SolidWorks Tip: Time to upgrade!

October 23, 2006 7 Comments »
SolidWorks Tip:  Time to upgrade!

Sw07_splash It’s upgrade time this week for SolidWorks where I work.  I thought this would be a good time to discuss a few things to do in preparation of a major version upgrade in SolidWorks.  Not everyone’s upgrade preparation is the same since it can depend mainly on how many seats of SolidWorks you have and how many add-ins your company utilizes.  A large company with usually more than 5 seats can install SolidWorks using an administrative image.  This method along with some additional commands allows system administrators to automatically roll out the upgrades to users.  It can save LOTS of time!  This article is generally geared more towards manually upgrading machines so we won’t really get into that.  If you would like more information on administrative images, I recommend you contact your reseller or check out the SolidWorks Customer Portal.

There are a few things that need to be done before any software is touched.  If you have network seats of SolidWorks you want to make sure you have a new license file.  This can be requested through the SolidWorks Customer Portal or your reseller.  First and foremost, I HIGHLY recommend that you backup a few parts of your data.  A good place to start is to backup your SolidWorks directory under Program Files.  If you have created any new templates, added content to your design library, or customized other parts of your installation, most of the settings/files are stored here by default.  Now you may be saying to yourself that this doesn’t apply for you since your templates & design library is located on a network.  I still recommend this even when you think everything is on a network.  There are many areas of the software where you may have “tweaked” a setting or two and forgot about it.  Disk space is cheap and the folder size is usually well under 2 gigs.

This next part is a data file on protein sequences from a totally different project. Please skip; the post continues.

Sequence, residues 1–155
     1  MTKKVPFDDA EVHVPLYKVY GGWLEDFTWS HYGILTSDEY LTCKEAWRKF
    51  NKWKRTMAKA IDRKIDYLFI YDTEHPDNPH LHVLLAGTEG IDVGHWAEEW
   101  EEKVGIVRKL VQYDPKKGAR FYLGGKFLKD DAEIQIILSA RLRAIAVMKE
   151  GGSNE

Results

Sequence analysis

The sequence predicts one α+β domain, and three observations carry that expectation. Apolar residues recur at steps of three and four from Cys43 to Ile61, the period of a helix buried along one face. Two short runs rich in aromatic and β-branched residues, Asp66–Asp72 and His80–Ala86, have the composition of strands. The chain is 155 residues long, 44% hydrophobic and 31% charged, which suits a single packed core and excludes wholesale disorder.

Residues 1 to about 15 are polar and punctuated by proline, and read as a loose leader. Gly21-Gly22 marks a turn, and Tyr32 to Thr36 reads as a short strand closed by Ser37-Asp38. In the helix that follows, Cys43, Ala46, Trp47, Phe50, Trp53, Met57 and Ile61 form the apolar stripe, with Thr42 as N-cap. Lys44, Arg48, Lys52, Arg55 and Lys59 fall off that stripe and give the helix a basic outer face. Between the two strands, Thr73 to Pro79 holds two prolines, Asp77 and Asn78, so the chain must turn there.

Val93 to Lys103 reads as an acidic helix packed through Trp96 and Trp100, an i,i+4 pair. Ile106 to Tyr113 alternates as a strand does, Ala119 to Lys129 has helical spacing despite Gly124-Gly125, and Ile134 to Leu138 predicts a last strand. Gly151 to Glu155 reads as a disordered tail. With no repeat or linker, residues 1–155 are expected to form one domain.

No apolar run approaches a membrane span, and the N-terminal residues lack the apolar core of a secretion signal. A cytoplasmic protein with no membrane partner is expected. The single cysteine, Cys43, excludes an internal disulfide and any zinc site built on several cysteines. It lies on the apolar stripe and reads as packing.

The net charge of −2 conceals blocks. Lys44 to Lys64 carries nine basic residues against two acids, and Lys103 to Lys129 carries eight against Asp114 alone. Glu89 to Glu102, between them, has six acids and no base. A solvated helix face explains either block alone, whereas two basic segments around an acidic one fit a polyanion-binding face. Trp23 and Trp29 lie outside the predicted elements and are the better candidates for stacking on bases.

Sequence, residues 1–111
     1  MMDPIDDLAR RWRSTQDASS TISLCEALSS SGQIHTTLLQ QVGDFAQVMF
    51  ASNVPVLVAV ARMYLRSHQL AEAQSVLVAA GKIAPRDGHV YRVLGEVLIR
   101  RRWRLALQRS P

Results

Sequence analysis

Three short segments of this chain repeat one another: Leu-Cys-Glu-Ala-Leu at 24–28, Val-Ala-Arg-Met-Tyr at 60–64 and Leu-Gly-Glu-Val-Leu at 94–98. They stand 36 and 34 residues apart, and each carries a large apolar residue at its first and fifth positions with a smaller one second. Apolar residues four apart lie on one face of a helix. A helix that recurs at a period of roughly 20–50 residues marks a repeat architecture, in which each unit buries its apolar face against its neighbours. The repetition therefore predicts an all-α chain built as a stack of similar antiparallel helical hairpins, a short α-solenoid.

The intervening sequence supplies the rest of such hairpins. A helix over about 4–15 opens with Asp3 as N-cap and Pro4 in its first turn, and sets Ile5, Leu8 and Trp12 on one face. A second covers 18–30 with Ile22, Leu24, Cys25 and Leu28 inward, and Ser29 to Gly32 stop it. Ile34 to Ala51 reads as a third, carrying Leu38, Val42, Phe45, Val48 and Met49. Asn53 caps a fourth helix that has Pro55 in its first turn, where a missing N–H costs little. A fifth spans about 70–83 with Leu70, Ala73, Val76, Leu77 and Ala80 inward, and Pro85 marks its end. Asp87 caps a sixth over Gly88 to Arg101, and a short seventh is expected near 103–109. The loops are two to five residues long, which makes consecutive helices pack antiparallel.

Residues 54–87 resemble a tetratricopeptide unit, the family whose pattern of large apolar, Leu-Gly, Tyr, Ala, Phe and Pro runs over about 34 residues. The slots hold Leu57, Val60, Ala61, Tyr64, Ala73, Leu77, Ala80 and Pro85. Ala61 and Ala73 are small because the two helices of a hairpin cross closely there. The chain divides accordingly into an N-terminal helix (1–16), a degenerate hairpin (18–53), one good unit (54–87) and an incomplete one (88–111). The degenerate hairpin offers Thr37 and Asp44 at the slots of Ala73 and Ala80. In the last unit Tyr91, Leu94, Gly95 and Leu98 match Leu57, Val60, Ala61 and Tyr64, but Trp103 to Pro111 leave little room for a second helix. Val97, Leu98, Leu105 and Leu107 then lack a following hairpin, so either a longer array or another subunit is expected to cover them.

If your company uses PDMWorks Workgroup, I also HIGHLY recommend that you back up your Vault prior to upgrading.  IT folks have some pretty slick ways to backup data these days.  It usually can be done pretty quickly and will give you extra piece of mind when upgrading the vault. (If your IT department can’t do this, an external hard drive can work really well too.)  If you use SolidWorks Toolbox, then that would be another area to backup. When you upgrade SolidWorks, the Toolbox database is updated as well.  If you have Toolbox installed on a network and it is used by multiple users, you need to make sure no one has SolidWorks open during the backup and the upgrade (more on that later.) Next, I run the copy settings wizard and capture any keyboard shortcuts, toolbar locations, menu customizations, and system options.